• August 5, 2010
  • In praise of rave

  • Published by Beatportal

    As an impressionable 11 year old in 1992, the most exciting aspect of the rave scene was the perceived criminality. The scene was awash with drugs, which ensured regular media coverage on the evening news. My friends and I were well impressed upon hearing of a week-long rave in the town of Castlemorton, near Hereford in the Malvern Hills of England. The news reports claimed that 40,000 people had turned up in the West Country for a free party, coupled with hilarious clips of appalled local residents. What was it about this music that had driven grown men and women to mislay their clothes and just dance for 7 days straight?

    We wanted to discover more about this exciting musical landscape and soon learned that ‘rave tapes’ (for the favoured format was always cassette) were not purchased, but acquired. The amount of tapes in your collection depended on your social status at school. It followed then, that the hardest boy in the year owned the widest selection of music. As a lowly link in the chain of command, I came to own just three tapes whilst the bigger boys had over thirty.

    Nearly all of the tapes were sourced from Fantazia, Raindance or Universe promotions. This powerful triumvirate was the holy trinity of rave, each organising enormous and riotous parties across the UK. Listening to these events recorded live was my first introduction to the world of the DJ, and I was completely absorbed by the fact that the music never stopped. It just kept going…and going.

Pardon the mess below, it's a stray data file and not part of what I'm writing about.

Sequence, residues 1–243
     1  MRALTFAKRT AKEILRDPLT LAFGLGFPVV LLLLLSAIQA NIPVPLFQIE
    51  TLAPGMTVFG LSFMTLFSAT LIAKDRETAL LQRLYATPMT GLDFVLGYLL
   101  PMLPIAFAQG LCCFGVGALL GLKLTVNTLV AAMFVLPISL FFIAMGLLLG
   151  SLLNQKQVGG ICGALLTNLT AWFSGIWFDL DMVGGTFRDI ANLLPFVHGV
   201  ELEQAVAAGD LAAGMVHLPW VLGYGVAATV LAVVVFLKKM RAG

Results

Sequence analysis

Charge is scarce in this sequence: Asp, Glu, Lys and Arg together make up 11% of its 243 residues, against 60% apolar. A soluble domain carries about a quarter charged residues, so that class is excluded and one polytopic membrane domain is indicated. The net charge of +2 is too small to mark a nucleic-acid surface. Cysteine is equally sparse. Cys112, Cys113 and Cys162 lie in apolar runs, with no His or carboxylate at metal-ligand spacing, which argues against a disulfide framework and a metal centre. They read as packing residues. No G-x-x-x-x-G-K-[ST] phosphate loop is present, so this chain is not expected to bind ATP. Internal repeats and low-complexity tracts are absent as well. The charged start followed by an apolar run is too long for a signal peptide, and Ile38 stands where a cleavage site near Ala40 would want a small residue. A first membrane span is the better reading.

I was hooked – the deafening cacophony of whistles, bellowing gobshite MCs, rapid-fire breakbeats and epic keyboard lines proved totally addictive. I obsessed over mixes from the likes of DJ Easygroove, Carl Cox and Simon ‘Bassline’ Smith (the latter still very active in the UK drum ‘n’ bass movement). Thoroughly inspired, I began composing rave-style ditties on my Yamaha keyboard, attempting (and failing) to record them on to my family’s antiquated tape recorder.

    I kept listening to my miserly tape allocation until all three cassettes perished in a horrifying mess of cracked plastic and snapped reels. Unfortunately for me, the tough boys wanted their tapes back and I had literally played them to death. Without a viable excuse, I was caught and surrounded. As punishment, I was forced to go out with one of the gang’s scary female cousins. A smaller friend fared less well – he was thrown from the school bus whilst in motion.

    So as we move further in to 2008, I’m starting to get excited all over again, this time about the rapidly escalating dubstep scene. Although the genre’s top tunes are half the speed of those rave classics, dubstep has a comparable degree of edginess and tension. It sounds homemade and raw. The prevalence of earth-shattering bass, distant melodies and ethereal vocals has got me thinking…is dubstep the real new rave?